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The New Covenant of God for His People (I)

Introduction
If asked to think of passages in the Old Testament that foretell the coming of a new covenant, Christians regularly turn to Jeremiah 31.31-34.  After all, this is the text that has the exact phrase, ‘new covenant,’ and it is the text that Jesus references at the Last Supper (Luke 22.20; 1 Corinthians 11.25).  Hebrews quotes the passage at length (Hebrews 8.8-12).  Yet there are parallel texts in Isaiah 59.20-21 and Ezekiel 36.25-28 (these are key verses in a longer passage). 
All three texts are significant for understanding the New Testament itself.  These passages help us to understand (1) the continuity of the Law in the new covenant; (2) the role of Christ as redeemer; (3) the underlying narrative of the restoration of Israel from exile for the New Testament and for Christian perspective; (4) the understanding of the Holy Spirit as God’s transforming power; (5) the understanding of Christians as a righteous people of God; (6) the inclusion of the Gentiles into God’s re…
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1 Timothy 2:12-14: What We Can Learn from Paul's Chiasm

Introduction
The present essay focusses on several verses in a paragraph in Paul’s first letter to Timothy:
1 Timothy 2:8-15 I desire, then, that in every place the men should pray, lifting up holy hands without anger or argument;  9 also that the women should dress themselves modestly and decently in suitable clothing, not with their hair braided, or with gold, pearls, or expensive clothes,  10 but with good works, as is proper for women who profess reverence for God.  11 Let a woman1 learn in silence with full submission.  12 I permit no womanto teach or to have authority over a man;2 she is to keep silent.  13 For Adam was formed first, then Eve;  14 and Adam was not deceived, but the woman was deceived and became a transgressor.  15 Yet she will be saved through childbearing, provided they continue in faith and love and holiness, with modesty.  (New Revised Standard Version—and throughout)
Much has been written on 1 Timothy 2.8-15 in recent decades because of questions about the rol…

Immigration and Violence in South Africa, and Contours of a Christian Response

Immigration and Violence in South Africa

In the news today is a story, once again, about violence against immigrants in South Africa.  There has been occasional such violence over the years, with 60 people dying in 2008.  The issue is complex in South Africa for various reasons, but the problems of illegal immigration, the economy, and violence are real.  What is needed, first, is a better understanding of the situation, and that on a regional basis.  Second, the Church is somewhat disadvantaged in offering a significant response to the situation because the 'institutional' churches are in decline.  Third, South Africa's own politics and narrative plays into the situation beyond simply speaking of 'immigration' per se.  Having been received by other countries during Apartheid, there is some sense of responsibility to pay back the debt.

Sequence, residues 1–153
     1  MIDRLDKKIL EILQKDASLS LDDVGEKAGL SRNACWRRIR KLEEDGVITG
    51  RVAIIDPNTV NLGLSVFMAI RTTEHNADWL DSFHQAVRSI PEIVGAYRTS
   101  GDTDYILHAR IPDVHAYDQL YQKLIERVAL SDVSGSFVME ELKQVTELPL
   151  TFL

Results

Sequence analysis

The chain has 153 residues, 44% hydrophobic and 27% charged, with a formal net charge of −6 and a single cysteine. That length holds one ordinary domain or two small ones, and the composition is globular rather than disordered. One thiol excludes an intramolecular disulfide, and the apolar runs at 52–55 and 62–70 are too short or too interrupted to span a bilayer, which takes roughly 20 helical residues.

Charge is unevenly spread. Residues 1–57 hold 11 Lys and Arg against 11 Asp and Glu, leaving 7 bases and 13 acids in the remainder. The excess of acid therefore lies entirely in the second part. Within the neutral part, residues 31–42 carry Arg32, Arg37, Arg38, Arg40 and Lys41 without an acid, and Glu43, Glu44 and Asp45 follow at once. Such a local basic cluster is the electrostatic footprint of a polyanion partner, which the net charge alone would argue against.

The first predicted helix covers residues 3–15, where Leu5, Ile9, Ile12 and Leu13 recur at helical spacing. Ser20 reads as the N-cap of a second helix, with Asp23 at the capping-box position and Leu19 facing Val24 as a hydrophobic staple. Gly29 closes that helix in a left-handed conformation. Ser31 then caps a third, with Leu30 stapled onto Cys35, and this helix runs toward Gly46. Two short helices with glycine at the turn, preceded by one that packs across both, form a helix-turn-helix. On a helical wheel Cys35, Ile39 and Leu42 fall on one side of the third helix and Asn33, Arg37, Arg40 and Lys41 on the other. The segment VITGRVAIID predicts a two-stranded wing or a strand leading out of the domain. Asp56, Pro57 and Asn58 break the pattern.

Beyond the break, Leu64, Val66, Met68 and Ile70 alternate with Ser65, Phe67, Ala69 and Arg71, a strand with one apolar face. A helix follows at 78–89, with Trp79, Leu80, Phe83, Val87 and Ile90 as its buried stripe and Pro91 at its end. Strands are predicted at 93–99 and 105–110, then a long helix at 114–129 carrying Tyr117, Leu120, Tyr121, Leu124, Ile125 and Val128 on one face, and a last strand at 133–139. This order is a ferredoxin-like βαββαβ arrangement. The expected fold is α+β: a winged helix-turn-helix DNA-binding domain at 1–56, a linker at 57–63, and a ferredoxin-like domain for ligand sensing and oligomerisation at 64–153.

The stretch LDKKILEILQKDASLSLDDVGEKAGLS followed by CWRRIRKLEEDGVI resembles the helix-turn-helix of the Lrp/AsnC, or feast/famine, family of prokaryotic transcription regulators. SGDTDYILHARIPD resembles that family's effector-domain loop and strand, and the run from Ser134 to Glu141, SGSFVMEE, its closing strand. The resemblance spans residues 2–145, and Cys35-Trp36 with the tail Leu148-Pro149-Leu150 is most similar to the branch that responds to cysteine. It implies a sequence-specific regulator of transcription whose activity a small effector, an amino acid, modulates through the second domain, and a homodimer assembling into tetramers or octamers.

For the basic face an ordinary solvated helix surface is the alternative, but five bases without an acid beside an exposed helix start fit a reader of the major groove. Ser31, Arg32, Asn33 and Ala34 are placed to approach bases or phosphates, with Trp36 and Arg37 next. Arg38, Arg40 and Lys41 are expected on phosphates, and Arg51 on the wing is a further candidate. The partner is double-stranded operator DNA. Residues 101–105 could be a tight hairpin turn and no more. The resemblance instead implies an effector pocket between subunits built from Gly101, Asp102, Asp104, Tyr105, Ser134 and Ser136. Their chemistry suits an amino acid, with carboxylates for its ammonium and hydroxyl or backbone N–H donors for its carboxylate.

According to Statistics South Africa, 69,216 temporary permits and 4,136 permanent permits were granted in 2014 (see online: http:/…

A Short Biblical Study on the Causes of Suffering

What does the Bible say about suffering?  Scripture describes creation as good and initially without sin (Gen. 1-2).  When sin entered the world as a result of Eve and Adam yielding to the temptation to act like God determining for themselves what is good and evil, God responded to their explicit disobedience with suffering and punishment (Genesis 3.1-19).  In this sin, all humanity has participated (Rom. 5.17).  Scripture also teaches that suffering will one day come to an end when God brings final judgement to a sin-ridden world and restores a sinless world (Revelation 21.3-4).  This basic narrative undergirds Biblical teaching on suffering.  Suffering is ultimately due to sin, whether as God’s punishment or by experiencing the results of sinful choices, living in a sinful society, or, in general, in a fallen world. 
Yet Scripture gives more reasons for suffering, and a specific individual’s suffering cannot always be related to his or her particular sin.  The following chart inte…

The Ethic of Moral Compromise: What the Pharisees Could Teach the Church of England

Introduction
Mainline denominations in the west in the twentieth century orchestrated their own demise.  The twenty-first century will only be the denouement.  Their implosion is due to their willful embrace of theological and moral compromise.  Such compromise manifested itself in magisterial reversals of orthodox teaching.  On ethical issues, they entailed the reversal of views on divorce and remarriage, abortion, premarital sex, and homosexuality.  The result was an inability to bear witness to the righteousness of the Kingdom of God in an increasingly secular world--a failure of mission.  The mainline denominations still speak of a ‘Jesus movement’ or evangelism and church growth, but their great compromise with the world was only a matter of paving their own path to irrelevance in a cultural context that increasingly needed a relevant Church witness.  Compromise was something Jesus addressed as well in his ministerial conflict with the Pharisees, and from this engagement we can le…